Brian, who teaches a leadership class to his fellow inmates and is one of the original CHU coordinators, said the CHU program is changing the prison mentality, which is resolving conflict with violence. "What we have here is the total opposite. We're fostering a pro-social environment," he said, citing how fights and thefts are not a problem in the CHU dorms like they can be in non-CHU dorms. "It's one of the safest, productive environments."
There's an accountability process for anyone who breaks the CHU's social contract, a paper all CHU inmates sign outlining 10 roles of respect. Inmates are first encouraged to work out any disagreements by themselves in a non-accusatory way before involving supervisors or ACI staff, which Brian said happens about 99 percent of the time in the CHU dorm.
"Those guys really do take things seriously," said Scott with The Animal Advocates. "It's about responsibility."
Barry, who has been in prison 18 years, recalls how his foster cat Domino hopped in his lap one day after he'd been caring for him for a few weeks. While this may not seem extraordinary, Barry said Domino is a real tom cat and had never sat in his lap before. "I just started crying. It made a world of difference," said Barry, another original CHU coordinator.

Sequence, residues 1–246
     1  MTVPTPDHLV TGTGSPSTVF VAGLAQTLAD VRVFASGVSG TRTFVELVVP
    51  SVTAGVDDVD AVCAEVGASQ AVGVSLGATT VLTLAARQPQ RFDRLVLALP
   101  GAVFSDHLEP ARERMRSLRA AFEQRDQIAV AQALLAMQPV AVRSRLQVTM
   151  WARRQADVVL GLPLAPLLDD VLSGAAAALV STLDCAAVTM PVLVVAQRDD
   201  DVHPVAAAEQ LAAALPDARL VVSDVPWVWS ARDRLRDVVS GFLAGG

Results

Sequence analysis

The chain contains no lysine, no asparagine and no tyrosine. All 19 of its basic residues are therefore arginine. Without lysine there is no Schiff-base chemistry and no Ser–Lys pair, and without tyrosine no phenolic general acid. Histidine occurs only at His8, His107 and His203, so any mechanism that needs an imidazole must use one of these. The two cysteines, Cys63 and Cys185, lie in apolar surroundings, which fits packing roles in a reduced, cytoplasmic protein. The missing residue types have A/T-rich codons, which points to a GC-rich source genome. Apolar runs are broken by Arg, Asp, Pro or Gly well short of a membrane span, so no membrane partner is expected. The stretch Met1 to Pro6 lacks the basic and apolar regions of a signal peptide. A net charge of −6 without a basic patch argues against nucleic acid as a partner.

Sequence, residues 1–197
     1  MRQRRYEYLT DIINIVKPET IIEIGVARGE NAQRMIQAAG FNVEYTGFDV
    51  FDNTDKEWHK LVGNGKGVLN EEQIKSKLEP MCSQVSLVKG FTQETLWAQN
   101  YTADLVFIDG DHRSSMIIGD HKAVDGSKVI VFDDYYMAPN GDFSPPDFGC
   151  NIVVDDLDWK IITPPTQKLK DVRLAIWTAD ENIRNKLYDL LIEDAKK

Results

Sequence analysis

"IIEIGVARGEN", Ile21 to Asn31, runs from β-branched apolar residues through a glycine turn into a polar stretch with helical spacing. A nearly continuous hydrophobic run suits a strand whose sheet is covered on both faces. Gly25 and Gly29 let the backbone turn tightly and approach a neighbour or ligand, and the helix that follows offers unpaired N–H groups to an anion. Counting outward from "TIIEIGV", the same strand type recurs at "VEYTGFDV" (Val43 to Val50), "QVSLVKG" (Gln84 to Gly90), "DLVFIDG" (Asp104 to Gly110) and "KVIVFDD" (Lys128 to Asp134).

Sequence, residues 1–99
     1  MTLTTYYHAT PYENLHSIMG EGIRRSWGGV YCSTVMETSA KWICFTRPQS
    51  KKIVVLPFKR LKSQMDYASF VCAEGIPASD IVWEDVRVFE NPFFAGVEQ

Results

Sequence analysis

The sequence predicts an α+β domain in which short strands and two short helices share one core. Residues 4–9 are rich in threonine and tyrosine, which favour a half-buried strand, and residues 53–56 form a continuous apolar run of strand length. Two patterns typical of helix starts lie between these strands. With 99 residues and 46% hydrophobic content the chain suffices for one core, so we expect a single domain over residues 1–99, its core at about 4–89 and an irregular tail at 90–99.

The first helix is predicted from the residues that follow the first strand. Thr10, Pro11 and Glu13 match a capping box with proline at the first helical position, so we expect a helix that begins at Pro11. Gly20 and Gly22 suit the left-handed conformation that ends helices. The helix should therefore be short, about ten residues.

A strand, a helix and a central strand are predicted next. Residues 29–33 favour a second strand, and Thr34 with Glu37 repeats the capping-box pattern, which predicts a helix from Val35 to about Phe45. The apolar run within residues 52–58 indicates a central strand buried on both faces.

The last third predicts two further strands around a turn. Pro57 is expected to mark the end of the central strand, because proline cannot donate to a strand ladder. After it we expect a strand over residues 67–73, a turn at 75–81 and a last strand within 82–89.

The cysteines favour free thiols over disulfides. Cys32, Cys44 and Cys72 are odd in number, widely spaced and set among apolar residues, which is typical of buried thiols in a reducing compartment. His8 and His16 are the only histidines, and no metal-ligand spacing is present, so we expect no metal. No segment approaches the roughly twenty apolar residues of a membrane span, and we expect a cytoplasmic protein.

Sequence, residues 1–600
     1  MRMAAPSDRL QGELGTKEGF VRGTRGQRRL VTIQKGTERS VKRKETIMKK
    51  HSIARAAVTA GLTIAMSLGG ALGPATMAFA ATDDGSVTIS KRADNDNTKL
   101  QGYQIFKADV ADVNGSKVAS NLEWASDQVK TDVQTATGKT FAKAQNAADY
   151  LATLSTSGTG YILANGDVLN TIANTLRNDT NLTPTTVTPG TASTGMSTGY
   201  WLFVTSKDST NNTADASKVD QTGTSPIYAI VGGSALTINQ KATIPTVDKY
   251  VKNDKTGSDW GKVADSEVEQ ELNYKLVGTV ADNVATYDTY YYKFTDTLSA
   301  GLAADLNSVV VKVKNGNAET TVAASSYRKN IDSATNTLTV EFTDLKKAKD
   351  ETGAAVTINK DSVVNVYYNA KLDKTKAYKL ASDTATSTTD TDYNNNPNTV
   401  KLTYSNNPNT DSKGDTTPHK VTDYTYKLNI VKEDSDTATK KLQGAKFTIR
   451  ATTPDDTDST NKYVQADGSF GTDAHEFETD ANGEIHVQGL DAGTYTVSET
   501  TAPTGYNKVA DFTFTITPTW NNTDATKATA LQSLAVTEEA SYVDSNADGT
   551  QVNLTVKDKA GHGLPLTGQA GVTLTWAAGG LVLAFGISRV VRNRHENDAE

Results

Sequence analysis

While he and Brian are serving life sentences, they've teamed up to start a Man to Man program aimed at preventing others from winding up in their situations. "We want to stand up and say stop the violence. We want them to take the moral high ground."
Eight unofficial gang leaders, who are not in the CHU dorm, recently came to ACI officials expressing an interest in change after seeing the effects CHU has made in other inmates. "They're looking for change," said Pate.
The warden added that they are contemplating expanding the animal fostering program to inmates in the second CHU dorm to help even more animals and inmates.
Many inmates in the CHU are not only fostering animals, but using their talents to raise funds for their furry friends.